Mike Konczal

Mike Konczal is a fellow with the Roosevelt Institute, where he works on financial reform, unemployment, inequality, and a progressive vision of the economy. His blog, Rortybomb, was named one of the 25 Best Financial Blogs by Time magazine. His writing has appeared in the Boston Review, the Washington Monthly, The Nation, Slate, and Dissent. He's appeared on PBS NewsHour, MSNBC's Rachel Maddow Show, CNN, Marketplace, and more.

Recent Articles

Value Beyond Price

It isn't only the marketplace that determines worth. 

The Value of Everything: Making and Taking in the Global Economy By Mariana Mazzucato Public Affairs This article appears in the Winter 2019 issue of The American Prospect magazine. Subscribe here . Whether it is the financial sector, health care, trade, or the nature of work, the question of what is valuable in our economy has become more and more prevalent in our politics. Economists have not been particularly useful guides in this debate. This shouldn’t surprise us, argues economist Mariana Mazzucato in her new book, The Value of Everything: Making and Taking in the Global Economy. Economists largely abandoned that question a century ago, assuming that anything and everything that trades for money counts as valuable, and little else. The title is based on Oscar Wilde’s comment that a cynic is someone who knows the price of everything but the value of nothing. It’s easy to extend this one-liner to ridicule economists. But Mazzucato wants instead to reconnect the...

The Bankers' Bank

Does the Federal Reserve govern the banking system—or vice versa? 

Library of Congress
This article appears in the Spring 2016 issue. Subscribe here . America's Bank: The Epic Struggle to Create the Federal Reserve By Roger Lowenstein Penguin The Money Makers: How Roosevelt and Keynes Ended the Depression, Defeated Fascism, and Secured a Prosperous Peace By Eric Rauchway Basic Books Fed Power: How Finance Wins By Lawrence R. Jacobs and Desmond King Oxford University Press The periods after the destructive financial crises of the past century have traditionally been periods of reform; as a response, more democratic control was brought over money. Yet no such fundamental change has occurred in the wake of the financial crisis of 2008. This lack of movement has led to confusion and reaction, and academics are now trying to tease out the history and politics of how change happened before, and how it might happen again. There were cries for changes in the aftermath of the devastating 1907 financial crisis. However, the path from an idea of reform to the Federal Reserve Act...

Automatic Stabilizers: There When Congress Isn't

As we approach sequestration today the dominant narrative continues to be that the huge run-up in the deficit since the Great Recession has been our greatest political—perhaps even a moral—failure. But it isn’t a failure. This is exactly how the system was designed to work if the economy ever saw a downturn on the scale of the 2008 financial crisis. The deficit is collapsing through the same planned process. As the economy recovers, it is falling quickly, down to 7 percent in 2012, and an estimated 5.3 percent in 2013. These are our "automatic stabilizers" at play. Though it sounds vaguely hydrologic or like a bad steampunk creation, it’s straightforward: The economy will naturally suffer from periods of slack demand in which there isn't enough purchasing power in the economy to produce goods and employ all of our resources, including people. Automatic stabilizers then kick into motion in to counteract this. One important automatic stabilizer is the tax code,...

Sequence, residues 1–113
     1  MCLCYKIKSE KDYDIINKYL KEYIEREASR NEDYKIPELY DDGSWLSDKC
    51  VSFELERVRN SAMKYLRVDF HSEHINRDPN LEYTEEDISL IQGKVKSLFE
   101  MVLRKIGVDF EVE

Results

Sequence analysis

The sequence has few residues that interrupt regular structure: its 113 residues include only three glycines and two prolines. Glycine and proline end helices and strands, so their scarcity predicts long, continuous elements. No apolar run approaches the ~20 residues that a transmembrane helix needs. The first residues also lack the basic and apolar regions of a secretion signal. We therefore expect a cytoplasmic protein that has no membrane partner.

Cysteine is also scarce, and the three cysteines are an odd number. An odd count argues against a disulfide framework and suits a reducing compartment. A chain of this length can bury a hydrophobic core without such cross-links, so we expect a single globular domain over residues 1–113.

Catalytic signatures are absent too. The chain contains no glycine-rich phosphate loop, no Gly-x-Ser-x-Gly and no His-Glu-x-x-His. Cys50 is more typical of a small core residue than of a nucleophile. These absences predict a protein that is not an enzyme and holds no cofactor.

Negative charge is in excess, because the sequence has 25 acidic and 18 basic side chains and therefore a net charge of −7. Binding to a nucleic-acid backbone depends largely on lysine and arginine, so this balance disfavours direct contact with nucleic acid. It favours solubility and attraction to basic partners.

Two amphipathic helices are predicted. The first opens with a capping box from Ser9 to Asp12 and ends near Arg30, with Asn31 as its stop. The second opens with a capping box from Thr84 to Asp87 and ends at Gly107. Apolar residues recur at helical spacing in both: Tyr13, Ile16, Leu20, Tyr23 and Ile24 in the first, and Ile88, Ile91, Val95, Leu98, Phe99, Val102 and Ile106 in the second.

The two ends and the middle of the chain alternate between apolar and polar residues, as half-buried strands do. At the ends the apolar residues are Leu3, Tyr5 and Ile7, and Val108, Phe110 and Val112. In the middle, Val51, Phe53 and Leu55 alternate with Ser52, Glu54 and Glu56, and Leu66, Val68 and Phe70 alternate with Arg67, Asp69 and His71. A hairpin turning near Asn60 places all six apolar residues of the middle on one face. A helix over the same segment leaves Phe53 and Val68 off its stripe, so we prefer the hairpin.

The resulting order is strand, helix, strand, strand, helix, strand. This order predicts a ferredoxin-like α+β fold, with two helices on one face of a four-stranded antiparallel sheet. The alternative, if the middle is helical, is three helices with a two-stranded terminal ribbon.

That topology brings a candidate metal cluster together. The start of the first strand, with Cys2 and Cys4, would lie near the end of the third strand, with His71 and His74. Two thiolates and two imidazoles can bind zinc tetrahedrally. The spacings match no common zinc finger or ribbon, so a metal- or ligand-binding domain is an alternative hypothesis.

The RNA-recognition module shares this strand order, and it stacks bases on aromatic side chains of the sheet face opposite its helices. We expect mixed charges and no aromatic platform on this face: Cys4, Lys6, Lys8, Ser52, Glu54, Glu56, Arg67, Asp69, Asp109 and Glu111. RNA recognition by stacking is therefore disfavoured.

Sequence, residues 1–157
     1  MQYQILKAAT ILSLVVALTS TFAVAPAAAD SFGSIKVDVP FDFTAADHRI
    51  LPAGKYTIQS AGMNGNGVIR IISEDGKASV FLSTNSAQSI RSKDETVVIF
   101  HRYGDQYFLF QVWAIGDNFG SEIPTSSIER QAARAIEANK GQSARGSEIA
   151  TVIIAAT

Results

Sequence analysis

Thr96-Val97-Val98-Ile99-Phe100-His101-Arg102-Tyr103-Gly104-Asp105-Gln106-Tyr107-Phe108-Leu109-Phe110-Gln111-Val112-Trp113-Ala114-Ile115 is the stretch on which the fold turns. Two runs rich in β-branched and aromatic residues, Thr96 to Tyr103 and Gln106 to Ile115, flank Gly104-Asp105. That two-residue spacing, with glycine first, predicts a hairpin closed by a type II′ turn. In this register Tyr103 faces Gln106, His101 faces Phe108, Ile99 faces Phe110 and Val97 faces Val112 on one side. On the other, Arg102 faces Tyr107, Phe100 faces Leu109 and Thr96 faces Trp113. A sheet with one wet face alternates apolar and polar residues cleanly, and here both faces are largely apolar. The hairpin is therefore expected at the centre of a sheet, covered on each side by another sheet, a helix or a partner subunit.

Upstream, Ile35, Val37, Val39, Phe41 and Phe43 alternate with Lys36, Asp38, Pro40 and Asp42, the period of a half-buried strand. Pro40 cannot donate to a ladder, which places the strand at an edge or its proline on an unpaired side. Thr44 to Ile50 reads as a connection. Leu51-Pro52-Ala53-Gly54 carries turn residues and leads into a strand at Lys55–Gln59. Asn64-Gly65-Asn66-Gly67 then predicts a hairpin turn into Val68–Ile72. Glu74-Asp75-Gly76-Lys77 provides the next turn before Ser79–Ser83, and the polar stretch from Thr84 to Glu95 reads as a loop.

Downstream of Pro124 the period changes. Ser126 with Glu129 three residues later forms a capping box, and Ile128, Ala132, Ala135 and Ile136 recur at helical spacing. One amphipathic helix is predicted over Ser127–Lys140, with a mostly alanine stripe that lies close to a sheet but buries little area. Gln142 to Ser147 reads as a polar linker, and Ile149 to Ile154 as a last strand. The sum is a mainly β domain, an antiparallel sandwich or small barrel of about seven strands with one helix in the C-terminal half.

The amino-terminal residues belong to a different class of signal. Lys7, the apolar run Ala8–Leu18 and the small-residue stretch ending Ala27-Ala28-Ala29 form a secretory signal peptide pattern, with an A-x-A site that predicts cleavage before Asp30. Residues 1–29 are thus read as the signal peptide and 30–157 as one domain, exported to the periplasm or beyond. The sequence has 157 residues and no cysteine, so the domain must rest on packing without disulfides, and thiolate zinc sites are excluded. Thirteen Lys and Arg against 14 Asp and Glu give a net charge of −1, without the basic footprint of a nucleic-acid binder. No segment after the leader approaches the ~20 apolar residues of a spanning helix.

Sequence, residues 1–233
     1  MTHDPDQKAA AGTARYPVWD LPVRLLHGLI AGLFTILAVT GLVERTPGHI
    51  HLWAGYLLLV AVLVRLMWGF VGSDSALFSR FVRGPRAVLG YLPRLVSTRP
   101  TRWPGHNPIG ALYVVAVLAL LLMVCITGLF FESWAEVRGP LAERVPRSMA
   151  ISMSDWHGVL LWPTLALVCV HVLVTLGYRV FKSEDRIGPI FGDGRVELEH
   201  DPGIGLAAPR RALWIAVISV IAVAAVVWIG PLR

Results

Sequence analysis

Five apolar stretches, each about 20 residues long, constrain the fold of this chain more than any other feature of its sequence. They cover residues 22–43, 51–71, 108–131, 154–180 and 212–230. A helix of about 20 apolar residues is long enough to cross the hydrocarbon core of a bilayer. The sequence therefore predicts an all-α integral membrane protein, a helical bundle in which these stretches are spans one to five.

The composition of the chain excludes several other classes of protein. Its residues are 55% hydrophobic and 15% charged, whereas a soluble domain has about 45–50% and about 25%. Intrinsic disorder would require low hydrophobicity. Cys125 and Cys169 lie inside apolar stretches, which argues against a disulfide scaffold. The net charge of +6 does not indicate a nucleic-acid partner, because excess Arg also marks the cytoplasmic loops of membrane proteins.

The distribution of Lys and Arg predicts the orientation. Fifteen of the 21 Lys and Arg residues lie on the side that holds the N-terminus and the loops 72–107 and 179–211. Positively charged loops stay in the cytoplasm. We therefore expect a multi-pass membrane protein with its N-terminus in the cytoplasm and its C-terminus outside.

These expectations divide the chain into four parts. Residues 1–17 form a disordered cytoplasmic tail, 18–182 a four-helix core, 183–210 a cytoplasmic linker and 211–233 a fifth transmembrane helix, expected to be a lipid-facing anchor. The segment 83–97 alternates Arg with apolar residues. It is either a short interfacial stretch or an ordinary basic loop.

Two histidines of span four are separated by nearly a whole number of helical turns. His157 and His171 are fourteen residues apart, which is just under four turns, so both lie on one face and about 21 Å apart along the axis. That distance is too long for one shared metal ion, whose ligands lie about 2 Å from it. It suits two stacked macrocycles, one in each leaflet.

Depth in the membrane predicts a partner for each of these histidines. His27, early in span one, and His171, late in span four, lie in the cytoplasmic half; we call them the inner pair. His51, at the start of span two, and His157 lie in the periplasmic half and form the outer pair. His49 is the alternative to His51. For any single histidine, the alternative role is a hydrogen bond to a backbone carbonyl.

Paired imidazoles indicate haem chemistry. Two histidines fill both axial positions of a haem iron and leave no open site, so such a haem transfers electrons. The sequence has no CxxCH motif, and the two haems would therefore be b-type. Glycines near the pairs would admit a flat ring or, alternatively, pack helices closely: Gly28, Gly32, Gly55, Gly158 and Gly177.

Minimum Wage 101

In his 2013 State of the Union, President Obama proposed a $9 federal minimum wage, indexed to inflation. Here to discuss the minimum wage as a policy is Arindrajit Dube. Dube is a professor of economics at the University of Massachusetts Amherst and a widely respected scholar of labor markets and the minimum wage. Along with T. William Lester and Michael Reich, he is the author of Minimum Wage Effects Across State Borders: Estimates Using Contiguous Counties (2010), a major study that found no adverse employment effects of minimum wages increases by studying counties that cross state lines. Dube has written a summary back in 2011 on the state of this research here. Narrow, technical issues have dominated so much of the debate on the minimum wage, so I wanted to step back and get a better understanding of the minimum wage as a policy mechanism. These remarks are lightly edited. What does an introductory-level Economics 101 textbook tell us about the minimum wage, and how does that...

What Would Jack Lew Do?

AP Photo/Win McNamee
AP Photo/Win McNamee Current White House Chief of Staff Jack Lew, whom President Barack Obama has nominated to be the new Treasury secretary, at the president's swearing-in ceremony during the 57th Presidential Inauguration. Sometime this month, the Senate is expected to grill President Obama’s pick for Treasury secretary, Jack Lew, who if confirmed will replace outgoing secretary Timothy Geithner. As the president’s chief of staff, Lew has been influential in the budget battles President Obama fought with House Republicans in the past year and has a deep knowledge of how government spending works. Conventional wisdom is that the president chose Lew to have a strong ally as the White House battles with congressional Republicans over spending and taxes. But with only a short stint at Citigroup amid a life of public service, there isn’t a deep record on what he thinks about financial reform. Nevertheless, the Treasury secretary will be responsible for the overhaul of...